4. There are crackpots everywhere. The more people reading your work, the more the chances are that a crackpot will read the book.

    I have read some books (and in some cases TRIED to read some books) that are really very popular. In those cases where I could not finish the book, I just was not able to get what people see in those particular stories. I never begrudge the person the popularity of their book though. That is just bad Reader behavior.

    I do think, though, that the Writer is better off ignoring the crackpot Readers, and not lowering themselves to that level. It is easier said than done though, especially when someone seems to attack you personally.

    One reason I would never say something negative about those very popular books that I do not care for is because who am I to say that they did something wrong when their books are obviously selling very well? I am never disappointed that a Writer does well, even when I do not care for the story myself.

    I do love the Wool series, so go Mr. Howey!

    Oddly enough, I just wrote a somewhat related post myself.

    1. ‘…who am I to say they did something wrong…’

      I don’t think we should not state our opinion of a work, regardless of its popularity or whether the opinion is negative, but it shouldn’t be couched in hurtful words. There are ways to get a point across without resorting to insults. As a reviewer, I need reminds g of this, too.

      Thanks for stopping by and for the comment. :)

  5. Chuck Wendig also did a great post after a dust-up (not involving his own books) about responding to negative criticism here. I’m sure the temptation would be great, but unless the criticism comes from someone whose opinion you respect, it’s probably best to write the ranter off as a Jerry Springer reject.

    And I love to redecorate, too :)

    1. I can imagine that Hugh has gotten other negative reviews and brushed them off, but the guy did make a whole video on it… like for almost 5 minutes… I would have had a hard time ignoring it but, yes, we should.

      New digs are always fun. :)

      1. I honestly don’t know how I’d react in the same situation, but I gotta think that anyone who goes to that much trouble to trash a book is begging for attention for himself, that it’s not even really about the book, yanno? I mean it’s just nuts to put that much effort into something like that. I don’t know either party involved, but it seems like the person who made the awful video wanted his own 15 minutes of fame. I guess he got it.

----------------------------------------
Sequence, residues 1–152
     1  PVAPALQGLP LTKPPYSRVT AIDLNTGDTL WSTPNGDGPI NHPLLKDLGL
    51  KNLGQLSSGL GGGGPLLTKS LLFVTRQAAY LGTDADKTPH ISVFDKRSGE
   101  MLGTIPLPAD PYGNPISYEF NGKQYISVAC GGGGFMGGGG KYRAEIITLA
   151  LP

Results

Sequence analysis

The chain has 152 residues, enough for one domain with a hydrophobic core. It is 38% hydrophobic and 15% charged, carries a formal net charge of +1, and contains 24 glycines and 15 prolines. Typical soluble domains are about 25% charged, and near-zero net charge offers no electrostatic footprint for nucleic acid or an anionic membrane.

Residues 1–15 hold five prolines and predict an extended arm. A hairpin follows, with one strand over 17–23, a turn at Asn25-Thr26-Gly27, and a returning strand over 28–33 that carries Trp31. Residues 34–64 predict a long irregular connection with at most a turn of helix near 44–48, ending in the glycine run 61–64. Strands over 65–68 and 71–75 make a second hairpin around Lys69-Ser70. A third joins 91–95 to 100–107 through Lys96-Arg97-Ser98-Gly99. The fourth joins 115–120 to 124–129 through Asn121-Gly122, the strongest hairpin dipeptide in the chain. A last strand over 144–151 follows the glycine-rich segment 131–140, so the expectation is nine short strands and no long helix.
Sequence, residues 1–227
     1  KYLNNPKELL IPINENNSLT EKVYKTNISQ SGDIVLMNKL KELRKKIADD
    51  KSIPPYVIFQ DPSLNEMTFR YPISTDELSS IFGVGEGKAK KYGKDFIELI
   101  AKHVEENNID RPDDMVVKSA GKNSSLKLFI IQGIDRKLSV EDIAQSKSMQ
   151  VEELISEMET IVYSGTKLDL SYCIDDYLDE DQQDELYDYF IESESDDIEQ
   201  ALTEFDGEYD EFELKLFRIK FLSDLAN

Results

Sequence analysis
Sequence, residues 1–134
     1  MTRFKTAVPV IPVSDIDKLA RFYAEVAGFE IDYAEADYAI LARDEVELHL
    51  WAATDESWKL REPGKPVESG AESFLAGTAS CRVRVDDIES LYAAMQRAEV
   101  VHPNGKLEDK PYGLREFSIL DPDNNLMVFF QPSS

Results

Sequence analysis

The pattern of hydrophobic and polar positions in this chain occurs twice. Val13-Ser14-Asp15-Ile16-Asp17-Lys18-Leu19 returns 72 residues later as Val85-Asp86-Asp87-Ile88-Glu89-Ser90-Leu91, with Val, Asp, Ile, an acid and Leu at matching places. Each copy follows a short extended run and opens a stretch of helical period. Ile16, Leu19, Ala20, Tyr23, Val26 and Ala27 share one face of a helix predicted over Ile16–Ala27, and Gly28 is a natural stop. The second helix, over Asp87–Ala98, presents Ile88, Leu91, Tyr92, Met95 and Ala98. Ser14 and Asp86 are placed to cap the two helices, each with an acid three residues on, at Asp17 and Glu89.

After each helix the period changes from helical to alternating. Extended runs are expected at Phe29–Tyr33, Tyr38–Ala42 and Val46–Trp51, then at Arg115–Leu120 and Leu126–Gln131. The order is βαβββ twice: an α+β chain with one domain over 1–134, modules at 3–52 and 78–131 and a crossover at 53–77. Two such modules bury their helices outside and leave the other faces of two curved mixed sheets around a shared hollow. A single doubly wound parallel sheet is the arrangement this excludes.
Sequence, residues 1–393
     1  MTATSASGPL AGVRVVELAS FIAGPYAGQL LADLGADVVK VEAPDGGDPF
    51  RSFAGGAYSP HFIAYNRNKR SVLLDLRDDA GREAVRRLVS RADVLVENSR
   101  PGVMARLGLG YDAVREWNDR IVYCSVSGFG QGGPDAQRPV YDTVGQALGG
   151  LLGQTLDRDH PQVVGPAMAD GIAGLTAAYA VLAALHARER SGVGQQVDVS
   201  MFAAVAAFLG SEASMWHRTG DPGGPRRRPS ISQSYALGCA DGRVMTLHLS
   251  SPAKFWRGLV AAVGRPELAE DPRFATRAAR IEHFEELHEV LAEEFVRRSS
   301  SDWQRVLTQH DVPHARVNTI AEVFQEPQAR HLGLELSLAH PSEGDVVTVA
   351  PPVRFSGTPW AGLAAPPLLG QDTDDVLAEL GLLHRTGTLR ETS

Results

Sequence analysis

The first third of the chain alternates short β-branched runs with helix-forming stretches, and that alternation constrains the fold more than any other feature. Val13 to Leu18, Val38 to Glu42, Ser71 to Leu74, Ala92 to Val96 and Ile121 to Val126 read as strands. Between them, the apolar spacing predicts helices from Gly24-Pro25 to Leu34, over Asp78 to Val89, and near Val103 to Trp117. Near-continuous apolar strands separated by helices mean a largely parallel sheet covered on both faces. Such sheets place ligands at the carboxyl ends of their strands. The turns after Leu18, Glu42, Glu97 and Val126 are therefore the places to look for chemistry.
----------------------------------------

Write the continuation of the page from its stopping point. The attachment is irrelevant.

6. To be more honest about this, while I don’t think I’d ever go to the trouble of video’ing a rant, I’m not a 20-something, maybe it’s second nature at that age, there are posts going all the way back to rec.games.frp.dnd that I do regret. Sometimes you mess up. Sounds like both parties eventually regretted it.

    Aside from the obvious: think twice and one more, before attacking anyone in public, the other take-away from this whole thing:

    -no body really remembers the author who started this whole thing off, although maybe it will come back to haunt her if she is ever successful.

    -everyone does know Hugh. If it is a one time event, probably no long term harm, but this and a few other slip-ups might give him a bad rep that no one really wants. He is the one who looks bad in all this.

    Again, speaking as someone who has made his own slips of the keyboard. This incident is more a reminder to me that if I ever get in the limelight, never, ever respond to the bad reviews. Maybe I;ll steal a page from Lincoln and just write something that is never meant to be posted. (Although with hackers, even that might be dangerous.)

  7. It’s so important to remember a human being is behind what we read, watch, etc., no matter how popular the material is. Sure, I suspect best-selling authors grow thicker skin, but the words still have to sting.

    Thanks for visiting my site. I appreciate it!